In India, the ‘Art of Painting’ has deep historical roots traced back to the Mesolithic time, about 10, 000 years ago. Some of the richest treasures of early Indian paintings are found on the walls of the Ajanta caves in Western India.

From Ajanta, ideas in paintings were spread across the length and breadth of the country over centuries, bringing several new elements and a synthesis of various ideas (miniature, realism, etc.) to the arts. After centuries of experimentation, today the heritage of Indian painting stands distinctively unique in the arena of global painting tradition. Folk paintings have remained particularly consistent in their strong ritual associations, and nowhere is this truer than in the case of Orissa’s Patachitra cloth paintings.

Patachitra is an age-old painting tradition that was established in Puri, where it was executed by a traditional caste known as the Chitrakara. As the devotees know, life in Puri revolves around the temple of Lord Jagannath. Celebration of festivals and constant daily puja is enjoyed by throngs of worshippers. One of these festivals is the Devasnana Purnima, in which the chitrakaras are deeply involved.

On the occasion of Devasnana Purnima, images of the Deities are brought out in a procession to the bathing platform, located outside the temple, and a ceremonial bath is given to the Deities by pouring water on Their images. They are then brought back inside the temple. Thereafter the Deities fall sick and are kept away from public view for fifteen days. This period is called anasara or anavasara. During these days, there is a need for substitute images for the public to view and to which prayers and rituals can be offered. Consequently, a Chitrakara paints the substitute icons, called Anasara Pati.

Preparation for the making of Anasara Pati begins on the occasion of Akshyaya Tritiya. On this day, a Chitrakara receives a piece of cloth from the temple administration to prepare as a canvas. When he completes the painting, the family priest comes to his house to perform a puja of the Pati in the presence of all his family members. A day after this puja, a priest from the Jagannath Temple comes to his house with a garland and accompanied by persons carrying ghanta (gong), chalti (ritual umbrella), and kahali (pipe). Another puja is performed at his house and after the puja is over the Anasara Pati is rolled and tied with a piece of black cloth. The Pati is then carried to the Jagannath Temple by the Chitrakara in a ceremonial procession.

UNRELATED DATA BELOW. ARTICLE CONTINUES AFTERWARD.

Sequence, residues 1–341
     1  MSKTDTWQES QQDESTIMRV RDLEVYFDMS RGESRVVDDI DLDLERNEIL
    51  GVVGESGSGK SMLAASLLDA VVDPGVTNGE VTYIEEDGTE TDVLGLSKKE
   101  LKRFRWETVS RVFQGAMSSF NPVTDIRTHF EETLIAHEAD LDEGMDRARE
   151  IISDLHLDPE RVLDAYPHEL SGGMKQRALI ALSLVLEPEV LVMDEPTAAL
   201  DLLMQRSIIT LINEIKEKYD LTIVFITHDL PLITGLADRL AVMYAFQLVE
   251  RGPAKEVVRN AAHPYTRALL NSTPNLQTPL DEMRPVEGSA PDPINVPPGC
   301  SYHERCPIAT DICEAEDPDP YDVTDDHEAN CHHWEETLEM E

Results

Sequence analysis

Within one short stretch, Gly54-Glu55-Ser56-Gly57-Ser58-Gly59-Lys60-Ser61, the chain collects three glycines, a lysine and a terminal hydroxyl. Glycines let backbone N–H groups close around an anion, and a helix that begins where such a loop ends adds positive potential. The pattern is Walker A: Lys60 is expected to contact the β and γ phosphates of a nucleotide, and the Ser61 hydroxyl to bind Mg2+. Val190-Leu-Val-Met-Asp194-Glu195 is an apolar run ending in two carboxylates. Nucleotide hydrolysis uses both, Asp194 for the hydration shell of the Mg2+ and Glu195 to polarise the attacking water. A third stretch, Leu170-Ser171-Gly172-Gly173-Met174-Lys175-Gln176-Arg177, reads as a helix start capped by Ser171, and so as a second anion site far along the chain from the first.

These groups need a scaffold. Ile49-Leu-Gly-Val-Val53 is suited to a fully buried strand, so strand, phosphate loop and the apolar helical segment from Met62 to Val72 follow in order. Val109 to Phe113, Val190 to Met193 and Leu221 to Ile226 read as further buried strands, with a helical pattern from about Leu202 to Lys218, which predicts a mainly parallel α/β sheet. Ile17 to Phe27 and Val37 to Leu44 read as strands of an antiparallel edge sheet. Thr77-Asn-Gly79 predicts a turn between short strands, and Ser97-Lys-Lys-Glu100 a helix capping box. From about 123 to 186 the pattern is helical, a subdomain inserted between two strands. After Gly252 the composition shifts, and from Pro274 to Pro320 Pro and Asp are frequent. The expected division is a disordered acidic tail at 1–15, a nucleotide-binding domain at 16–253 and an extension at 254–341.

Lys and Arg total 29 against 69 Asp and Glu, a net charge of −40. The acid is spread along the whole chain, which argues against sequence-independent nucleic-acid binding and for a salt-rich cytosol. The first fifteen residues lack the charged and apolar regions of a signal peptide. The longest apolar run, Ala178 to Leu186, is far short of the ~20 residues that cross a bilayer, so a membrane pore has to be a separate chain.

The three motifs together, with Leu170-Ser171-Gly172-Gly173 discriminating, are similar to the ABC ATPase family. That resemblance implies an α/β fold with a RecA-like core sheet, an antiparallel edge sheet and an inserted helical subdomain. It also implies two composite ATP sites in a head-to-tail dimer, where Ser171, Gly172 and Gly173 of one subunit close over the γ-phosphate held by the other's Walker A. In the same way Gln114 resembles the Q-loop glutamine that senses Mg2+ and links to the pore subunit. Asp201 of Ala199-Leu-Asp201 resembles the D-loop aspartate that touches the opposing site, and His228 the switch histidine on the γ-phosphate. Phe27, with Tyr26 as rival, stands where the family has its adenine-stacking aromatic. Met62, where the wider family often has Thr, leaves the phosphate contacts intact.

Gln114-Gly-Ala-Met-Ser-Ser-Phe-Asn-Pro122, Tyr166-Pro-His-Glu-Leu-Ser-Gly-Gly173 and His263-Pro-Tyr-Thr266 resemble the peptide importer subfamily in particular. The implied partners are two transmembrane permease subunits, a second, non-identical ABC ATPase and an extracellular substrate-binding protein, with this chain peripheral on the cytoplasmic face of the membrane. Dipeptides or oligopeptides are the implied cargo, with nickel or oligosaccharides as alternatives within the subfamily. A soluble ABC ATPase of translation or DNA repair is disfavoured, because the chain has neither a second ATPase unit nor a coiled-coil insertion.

The tradition of Anasara Pati goes back to the time of King Anangabhima Deva, who ruled Orissa between 1190 and 1198 AD. This is evident in the chronicle of Jagannath Temple – the Madala Panji.

Besides Devasnana Purnima, the Chitrakaras are occupied with other festivals in Puri, the most famous being the Rath Yatra. When there are no festivals they are engaged in painting on the walls of various temples and mathas, along with the houses of some affluent families which allows them to earn their livelihood. Traditionally Chitrakaras were being paid in kind for their services, but now they earn their living mostly through selling their paintings.

For hundreds of years, pilgrims from all over India have been visiting the holy dhama of Puri. These pilgrims have also been patrons of the Chitrakaras. Collecting a memento from the place of pilgrimage has been a practice in India since ancient times. In Puri, there is a belief that a pilgrimage to the town is incomplete unless the pilgrim takes back with him/her five Patas of Jagannath, five beads, five cane sticks and nirmalya (dried rice from the temple kitchen). In Bengal it is the custom of every pilgrim returning from Puri to send one of these pictures and a few grains of the dried cooked rice, Mahaprasada, to his/her friends and relatives.

Throughout the history of pilgrimage, the Chitrakaras used to make such Jatri Patis to suit every pocket. Cheaper ones were done on primed newspaper with crude workmanship. However, the more expensive Patax used to have a plan of the Jagannath temple showing not only the Triad in a shrine, but also other gods and goddesses, festivals of the temples and animals like elephant, horse and deer.